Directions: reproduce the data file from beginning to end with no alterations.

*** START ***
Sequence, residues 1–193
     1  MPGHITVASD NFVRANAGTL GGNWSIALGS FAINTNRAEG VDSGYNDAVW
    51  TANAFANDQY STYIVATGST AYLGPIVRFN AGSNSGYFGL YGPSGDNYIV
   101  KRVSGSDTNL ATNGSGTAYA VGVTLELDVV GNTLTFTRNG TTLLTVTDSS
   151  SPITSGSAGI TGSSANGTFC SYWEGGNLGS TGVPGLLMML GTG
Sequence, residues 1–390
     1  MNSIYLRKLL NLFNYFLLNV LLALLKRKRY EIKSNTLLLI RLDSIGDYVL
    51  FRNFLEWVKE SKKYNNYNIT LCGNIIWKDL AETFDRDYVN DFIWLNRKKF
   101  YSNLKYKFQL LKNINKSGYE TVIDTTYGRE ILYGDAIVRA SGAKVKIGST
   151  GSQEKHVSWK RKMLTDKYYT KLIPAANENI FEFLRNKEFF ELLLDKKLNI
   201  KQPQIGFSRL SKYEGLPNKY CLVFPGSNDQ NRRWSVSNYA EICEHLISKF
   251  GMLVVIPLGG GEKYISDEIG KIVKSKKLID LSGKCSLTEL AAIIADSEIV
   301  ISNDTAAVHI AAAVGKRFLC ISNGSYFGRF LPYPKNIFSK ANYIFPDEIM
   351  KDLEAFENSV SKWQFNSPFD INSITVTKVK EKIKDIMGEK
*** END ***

Sequence, residues 1–193
     1  MPGHITVASD NFVRANAGTL GGNWSIALGS FAINTNRAEG VDSGYNDAVW
    51  TANAFANDQY STYIVATGST AYLGPIVRFN AGSNSGYFGL YGPSGDNYIV
   101  KRVSGSDTNL ATNGSGTAYA VGVTLELDVV GNTLTFTRNG TTLLTVTDSS
   151  SPITSGSAGI TGSSANGTFC SYWEGGNLGS TGVPGLLMML GTG
Sequence, residues 1–390
     1  MNSIYLRKLL NLFNYFLLNV LLALLKRKRY EIKSNTLLLI RLDSIGDYVL
    51  FRNFLEWVKE SKKYNNYNIT LCGNIIWKDL AETFDRDYVN DFIWLNRKKF
   101  YSNLKYKFQL LKNINKSGYE TVIDTTYGRE ILYGDAIVRA SGAKVKIGST
   151  GSQEKHVSWK RKMLTDKYYT KLIPAANENI FEFLRNKEFF ELLLDKKLNI
   201  KQPQIGFSRL SKYEGLPNKY CLVFPGSNDQ NRRWSVSNYA EICEHLISKF
   251  GMLVVIPLGG GEKYISDEIG KIVKSKKLID LSGKCSLTEL AAIIADSEIV
   301  ISNDTAAVHI AAAVGKRFLC ISNGSYFGRF LPYPKNIFSK ANYIFPDEIM
   351  KDLEAFENSV SKWQFNSPFD INSITVTKVK EKIKDIMGEK